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Mother Jones Died 90 years ago

Ninety years ago, Mother Jones died at the little farmhouse in Maryland where she had been cared for by Lillian Burgess. Newspapers across the U.S. and the globe carried articles about her. The one below is from Milwaukee Leader. Almost all of them credited her Irish background as part of explanation for the flame of her life and spirit.

In Chicago, the President of the Chicago Federation of Labor, John Fitzpatrick, was executor of her will, and set about making plans for what would become one of the largest funerals in Illinois history up to that time. Ed Nockels, the secretary-treasurer of the Chicago Federation of Labor, was designated as Chicago's leader to oversee the arrangements for the funeral in Washington, D..C., where leaders of the labor movement and even President Hoover's Secretary of Labor and other government officials paid homage at St. Gabriel's Church. John Walker, her old friend who had organized with her in West Virginia in 1901, now leader of the Illinois mine workers, was in charge of arranging the second funeral for her in Mt. Olive, the small mining town. Jones had stayed with Walker in Springfield many many times whenever she travelled through Illinois in the period from 1905-1925. Nockels, Fitzpatrick, and Walker were the lead for the entourage that brought Jones' casket from Washington, D.C. to Illinois. They arranged for 4 rank-and-file miners from Illinois to accompany the body: Mark Mason of Tovey (near Springfield), William M. Burton of Herrin (southern Illinois), Charles Leveque of Springfield, and Hans Hanson of Mt. Olive.

On the trip from Washington DC to Illinois, the train stopped at locations where people rushed forward to pay their respects. When the Baltimore & Ohio train pulled into St. Louis' Union station late in the day of December 4, hundreds of people greeted and piled onto the train to touch the casket, remarking how much she had affected their lives. For four more days afterward, thousands of people came to Mt. Olive to pay their respects.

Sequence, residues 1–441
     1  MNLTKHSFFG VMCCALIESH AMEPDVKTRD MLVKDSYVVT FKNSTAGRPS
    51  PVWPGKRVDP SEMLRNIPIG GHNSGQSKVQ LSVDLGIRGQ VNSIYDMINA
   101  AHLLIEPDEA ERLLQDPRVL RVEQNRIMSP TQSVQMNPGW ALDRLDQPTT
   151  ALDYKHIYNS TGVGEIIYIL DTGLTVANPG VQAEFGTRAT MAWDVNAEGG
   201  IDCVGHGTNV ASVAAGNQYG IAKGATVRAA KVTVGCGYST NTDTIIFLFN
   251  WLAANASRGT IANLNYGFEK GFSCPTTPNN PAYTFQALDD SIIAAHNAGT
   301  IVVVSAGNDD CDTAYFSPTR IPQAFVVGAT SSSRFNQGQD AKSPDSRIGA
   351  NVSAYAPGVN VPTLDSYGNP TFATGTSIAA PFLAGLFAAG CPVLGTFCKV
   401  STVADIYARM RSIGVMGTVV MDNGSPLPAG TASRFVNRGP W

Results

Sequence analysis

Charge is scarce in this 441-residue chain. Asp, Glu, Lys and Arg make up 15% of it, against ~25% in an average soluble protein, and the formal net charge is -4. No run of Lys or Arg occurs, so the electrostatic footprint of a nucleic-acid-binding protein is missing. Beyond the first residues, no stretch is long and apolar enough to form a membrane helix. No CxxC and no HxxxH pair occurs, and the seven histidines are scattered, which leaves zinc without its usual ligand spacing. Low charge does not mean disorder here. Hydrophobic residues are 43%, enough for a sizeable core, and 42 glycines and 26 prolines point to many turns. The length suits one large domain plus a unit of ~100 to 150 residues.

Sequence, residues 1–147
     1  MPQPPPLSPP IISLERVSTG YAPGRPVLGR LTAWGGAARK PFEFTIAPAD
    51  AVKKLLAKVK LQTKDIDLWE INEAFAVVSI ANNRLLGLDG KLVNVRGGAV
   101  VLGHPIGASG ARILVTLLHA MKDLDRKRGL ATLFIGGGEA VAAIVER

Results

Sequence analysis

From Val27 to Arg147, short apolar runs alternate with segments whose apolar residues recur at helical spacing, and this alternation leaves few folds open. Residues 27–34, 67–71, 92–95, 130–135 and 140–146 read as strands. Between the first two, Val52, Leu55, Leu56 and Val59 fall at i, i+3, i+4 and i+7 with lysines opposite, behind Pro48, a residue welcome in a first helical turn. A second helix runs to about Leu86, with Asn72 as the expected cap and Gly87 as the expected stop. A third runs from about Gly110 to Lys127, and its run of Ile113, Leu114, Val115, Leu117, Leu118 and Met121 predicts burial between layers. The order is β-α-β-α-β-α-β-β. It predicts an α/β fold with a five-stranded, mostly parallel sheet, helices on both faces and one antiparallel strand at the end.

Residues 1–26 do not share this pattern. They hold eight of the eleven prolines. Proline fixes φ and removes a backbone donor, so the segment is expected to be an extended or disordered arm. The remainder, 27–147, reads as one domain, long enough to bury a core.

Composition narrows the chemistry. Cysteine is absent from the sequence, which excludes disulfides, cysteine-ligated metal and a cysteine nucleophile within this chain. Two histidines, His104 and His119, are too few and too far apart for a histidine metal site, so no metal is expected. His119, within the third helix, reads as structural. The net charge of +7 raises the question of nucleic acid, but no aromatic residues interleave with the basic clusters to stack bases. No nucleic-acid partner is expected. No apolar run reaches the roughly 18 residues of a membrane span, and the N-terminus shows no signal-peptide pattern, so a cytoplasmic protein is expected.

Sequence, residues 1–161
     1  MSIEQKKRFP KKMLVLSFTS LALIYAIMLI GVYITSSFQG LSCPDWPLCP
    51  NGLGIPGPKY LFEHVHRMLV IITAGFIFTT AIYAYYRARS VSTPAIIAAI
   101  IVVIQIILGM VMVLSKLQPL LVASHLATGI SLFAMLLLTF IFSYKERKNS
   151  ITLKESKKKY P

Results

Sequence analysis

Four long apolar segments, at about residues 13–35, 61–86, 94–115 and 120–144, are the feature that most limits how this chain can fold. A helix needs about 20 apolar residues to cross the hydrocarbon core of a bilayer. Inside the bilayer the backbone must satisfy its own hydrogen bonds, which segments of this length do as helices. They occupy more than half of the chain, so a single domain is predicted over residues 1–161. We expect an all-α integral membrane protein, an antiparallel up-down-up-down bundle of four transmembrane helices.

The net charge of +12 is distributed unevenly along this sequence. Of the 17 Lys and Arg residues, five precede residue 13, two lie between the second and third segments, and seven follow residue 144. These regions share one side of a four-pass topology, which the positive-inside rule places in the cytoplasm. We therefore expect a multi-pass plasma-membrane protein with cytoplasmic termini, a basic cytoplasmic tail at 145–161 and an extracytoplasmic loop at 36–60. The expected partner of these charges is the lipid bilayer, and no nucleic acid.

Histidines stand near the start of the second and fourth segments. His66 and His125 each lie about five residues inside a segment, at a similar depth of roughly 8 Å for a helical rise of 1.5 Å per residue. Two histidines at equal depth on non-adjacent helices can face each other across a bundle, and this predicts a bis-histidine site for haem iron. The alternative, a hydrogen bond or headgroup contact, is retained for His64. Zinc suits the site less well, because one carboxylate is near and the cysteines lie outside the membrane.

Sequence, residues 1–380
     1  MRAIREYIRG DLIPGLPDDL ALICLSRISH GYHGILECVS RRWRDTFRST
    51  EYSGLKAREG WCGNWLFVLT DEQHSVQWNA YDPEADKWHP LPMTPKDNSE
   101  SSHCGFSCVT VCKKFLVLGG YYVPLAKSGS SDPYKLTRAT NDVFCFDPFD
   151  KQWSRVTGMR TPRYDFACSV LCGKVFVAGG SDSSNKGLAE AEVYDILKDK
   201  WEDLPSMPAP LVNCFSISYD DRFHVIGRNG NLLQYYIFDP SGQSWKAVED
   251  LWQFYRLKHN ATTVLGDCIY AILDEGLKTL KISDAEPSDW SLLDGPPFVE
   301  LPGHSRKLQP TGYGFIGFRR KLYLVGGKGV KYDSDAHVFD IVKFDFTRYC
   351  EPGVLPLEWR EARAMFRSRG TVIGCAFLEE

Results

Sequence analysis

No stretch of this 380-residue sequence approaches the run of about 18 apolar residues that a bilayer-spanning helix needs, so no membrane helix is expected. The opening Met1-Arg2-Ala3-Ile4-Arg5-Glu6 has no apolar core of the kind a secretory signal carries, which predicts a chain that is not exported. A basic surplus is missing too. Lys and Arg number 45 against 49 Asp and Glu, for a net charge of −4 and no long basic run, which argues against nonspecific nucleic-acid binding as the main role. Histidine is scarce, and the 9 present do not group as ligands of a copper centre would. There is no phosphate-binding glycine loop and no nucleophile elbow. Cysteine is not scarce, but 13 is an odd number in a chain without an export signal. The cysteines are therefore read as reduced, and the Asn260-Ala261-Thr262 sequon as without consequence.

It had been Adolph Germer, a Socialist Party official and UMWA militant at the time who persuaded Jones, over a glass of beer in Belleville, Illinois to be buried in Mt. Olive with the rank-and-file miners. Jones had gotten to know Germer in the Colorado Coalfield War, which he helped to lead as a militant leader of the Illinois UMWA. Germer had played a major role in organizing the regular commemorations at Union Miners Cemetery, but he lived in Belleville after 1906. East St. Louis and Belleville was on a main railroad line from St. Louis, and she regularly stayed with him, and stopped in on the East St. Louis offices of the UMWA on her travels across the nation.

Together with Germer and other labor officials, Jones went to the cemetery and selected her resting place across from the rank-and-file miners who had died at the hands of hired mercenaries in the Illinois mine wars. As Mt. Olive became a center of opposition to John L. Lewis' authoritarian leadership, which she feared would destroy the chance of the union being a force for social transformation, she came to Mt. Olive in 1923 to speak at the October 12 commemorations of the rank-and-file miners who died in the Virden Massacre, (the only time I have found that she actually stopped there, though the miners were thrilled with her visit). Later in Chicago, she wrote her formal request and had it legally added to her arrangements with John Fitzpatrick. (See letter below, which describes Virden as hilly, another clear indication that she had never been to that flat prairie town.)


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